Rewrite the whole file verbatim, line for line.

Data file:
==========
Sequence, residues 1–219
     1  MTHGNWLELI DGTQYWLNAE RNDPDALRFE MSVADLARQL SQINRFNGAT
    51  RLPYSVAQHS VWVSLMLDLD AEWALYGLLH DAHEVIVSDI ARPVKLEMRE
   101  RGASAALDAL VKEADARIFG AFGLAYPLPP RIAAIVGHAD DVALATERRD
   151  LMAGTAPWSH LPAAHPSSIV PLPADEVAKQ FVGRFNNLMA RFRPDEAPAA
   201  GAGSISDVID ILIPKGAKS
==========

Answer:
Sequence, residues 1–219
     1  MTHGNWLELI DGTQYWLNAE RNDPDALRFE MSVADLARQL SQINRFNGAT
    51  RLPYSVAQHS VWVSLMLDLD AEWALYGLLH DAHEVIVSDI ARPVKLEMRE
   101  RGASAALDAL VKEADARIFG AFGLAYPLPP RIAAIVGHAD DVALATERRD
   151  LMAGTAPWSH LPAAHPSSIV PLPADEVAKQ FVGRFNNLMA RFRPDEAPAA
   201  GAGSISDVID ILIPKGAKS